Day One: Council Bluffs to Red Oak - the rolling mardi gras - CycleBlaze

July 19, 2009

Day One: Council Bluffs to Red Oak

I originally heard about RAGBRAI (Register's Annual Great Bike Ride Across Iowa) thirty years ago when I was living in Houston. In its 37th year, RAGBRAI is the longest, largest and oldest touring bicycle ride in the world. It's huge...more than 12,000 people rolling through the Iowa countryside for a full seven days. There are riders from every state in the country, plus people from two dozen or so foreign countries.

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Because it's so popular, there's a lottery each Spring to see who's going to be able to ride in it.

As one person phrased it, RAGBRAI is "A Rolling Mardi Gras." As another person wrote, "It has a carnival atmosphere, a celebratory exuberance, an anything-goes/all-rules-are-suspended attitude, a zany, almost out-of-control ambiance, with an energy all its own, fueled with equal parts of sweat and alcohol."

I'm looking forward to it.

Day One:  Council Bluffs to Red Oak

The idea of waking waking up at 6:30 on a day when I'm not going to work doesn't sound very appealing. However, the idea of carrying all of our gear 450 miles across the state sounds even less appealing. One of the options for RAGBRAI is getting a charter company to do it for you. We selected Out Of Staters. We drove to Burlington, the endpoint of the trip, where they bused us to Council Bluffs, the beginning point of the trip. That way we'd have a car when we finished. Each day, our charter company packed up everyone's gear (excluding mine) and transported it to the next town for us, picked out a campsite, and had a large circus tent with chairs and a place to relax out of the sun.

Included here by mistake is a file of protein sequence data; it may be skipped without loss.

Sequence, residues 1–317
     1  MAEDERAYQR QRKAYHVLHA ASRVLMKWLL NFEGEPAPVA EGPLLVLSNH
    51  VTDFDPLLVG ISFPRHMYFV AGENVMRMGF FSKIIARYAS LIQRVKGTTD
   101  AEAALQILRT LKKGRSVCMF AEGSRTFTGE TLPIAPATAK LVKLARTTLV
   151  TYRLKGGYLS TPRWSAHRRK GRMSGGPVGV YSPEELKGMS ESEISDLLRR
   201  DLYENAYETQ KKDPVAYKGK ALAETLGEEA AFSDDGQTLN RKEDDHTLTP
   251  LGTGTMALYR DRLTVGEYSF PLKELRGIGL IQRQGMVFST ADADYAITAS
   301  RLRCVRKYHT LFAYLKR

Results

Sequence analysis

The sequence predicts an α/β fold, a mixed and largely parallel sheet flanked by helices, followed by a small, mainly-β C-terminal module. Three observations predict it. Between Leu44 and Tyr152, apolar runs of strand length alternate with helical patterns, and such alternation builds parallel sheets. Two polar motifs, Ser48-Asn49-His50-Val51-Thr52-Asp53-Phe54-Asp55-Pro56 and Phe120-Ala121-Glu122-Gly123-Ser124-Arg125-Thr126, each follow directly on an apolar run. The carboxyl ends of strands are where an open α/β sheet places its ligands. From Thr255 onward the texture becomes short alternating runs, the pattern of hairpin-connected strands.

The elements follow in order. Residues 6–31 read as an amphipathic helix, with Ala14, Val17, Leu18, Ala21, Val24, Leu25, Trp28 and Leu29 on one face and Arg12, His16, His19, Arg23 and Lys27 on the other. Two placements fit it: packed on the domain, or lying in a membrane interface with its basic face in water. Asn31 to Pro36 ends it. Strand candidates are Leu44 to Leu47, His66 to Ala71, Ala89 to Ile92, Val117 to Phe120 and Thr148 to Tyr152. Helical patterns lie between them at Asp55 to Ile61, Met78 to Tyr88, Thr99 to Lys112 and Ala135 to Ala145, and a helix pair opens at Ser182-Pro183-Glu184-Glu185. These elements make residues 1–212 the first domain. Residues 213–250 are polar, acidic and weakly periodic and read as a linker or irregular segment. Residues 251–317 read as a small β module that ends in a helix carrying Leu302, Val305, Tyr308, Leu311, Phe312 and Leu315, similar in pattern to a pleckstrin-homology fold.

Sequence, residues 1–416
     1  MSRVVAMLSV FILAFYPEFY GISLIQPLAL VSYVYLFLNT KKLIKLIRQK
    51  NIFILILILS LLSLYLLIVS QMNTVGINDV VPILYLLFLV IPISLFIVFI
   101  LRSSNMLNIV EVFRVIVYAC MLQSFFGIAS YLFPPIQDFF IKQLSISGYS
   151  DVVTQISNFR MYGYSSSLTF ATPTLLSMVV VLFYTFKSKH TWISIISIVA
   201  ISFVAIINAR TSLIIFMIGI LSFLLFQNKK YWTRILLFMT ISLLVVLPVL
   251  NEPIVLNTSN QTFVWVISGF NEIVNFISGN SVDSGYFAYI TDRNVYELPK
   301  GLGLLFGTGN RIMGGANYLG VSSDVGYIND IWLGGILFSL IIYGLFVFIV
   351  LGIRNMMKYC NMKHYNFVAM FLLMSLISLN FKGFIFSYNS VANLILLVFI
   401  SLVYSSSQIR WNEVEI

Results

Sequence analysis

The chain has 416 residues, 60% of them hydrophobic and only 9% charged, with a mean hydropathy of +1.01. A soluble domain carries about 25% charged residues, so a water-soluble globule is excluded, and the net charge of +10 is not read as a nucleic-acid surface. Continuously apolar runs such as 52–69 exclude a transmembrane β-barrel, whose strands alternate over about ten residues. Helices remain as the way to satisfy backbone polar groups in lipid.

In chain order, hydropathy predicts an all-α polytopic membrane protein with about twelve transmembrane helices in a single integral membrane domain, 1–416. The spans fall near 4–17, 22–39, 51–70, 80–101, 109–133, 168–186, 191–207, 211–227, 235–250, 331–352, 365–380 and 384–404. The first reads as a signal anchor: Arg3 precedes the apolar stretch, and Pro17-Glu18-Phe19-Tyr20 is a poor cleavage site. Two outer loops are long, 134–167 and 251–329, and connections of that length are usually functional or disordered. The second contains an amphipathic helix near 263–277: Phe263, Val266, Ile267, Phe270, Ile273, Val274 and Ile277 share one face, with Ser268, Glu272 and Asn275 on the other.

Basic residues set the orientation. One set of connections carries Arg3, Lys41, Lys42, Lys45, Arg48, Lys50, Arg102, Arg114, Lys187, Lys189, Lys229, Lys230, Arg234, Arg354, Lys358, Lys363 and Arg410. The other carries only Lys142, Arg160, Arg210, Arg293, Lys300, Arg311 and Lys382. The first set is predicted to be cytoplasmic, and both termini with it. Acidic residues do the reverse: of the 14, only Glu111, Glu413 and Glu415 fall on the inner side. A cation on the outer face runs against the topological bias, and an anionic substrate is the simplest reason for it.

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We started out on Sunday morning, the ground wet with dew.  

Heather (wife) and Samantha (niece) before leaving.
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Since RAGBRAI isn't a race, we stopped quite frequently. Breakfast was a cinnamon roll bought from a local 4H Club. There are a lot of groups under roadside tents selling items to eat, drink, or wear. I overheard the 4H lady say they're making enough on this fund raiser to cover the whole year, and that's not uncommon in the pass-through towns we visited.We left the official RAGBRAI route for a while so we could pedal the Wabash Trace, a beautiful Rails-to-Trails route.

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In Henderson (pop 171) we stopped for a chicken sandwich and a drink, and a strawberry banana smoothie.

I want to make one thing perfectly clear for those of you who have never been to Iowa: 

It is NOT flat.

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The sticker and Mardi Gras beads were placed by Team Road Kill. Each morning, they set out early in order to place their stickers and beads on the road kill along the way.

Over the past several months, we asked for advice from people who've done RAGBRAI before, and the two most common responses were: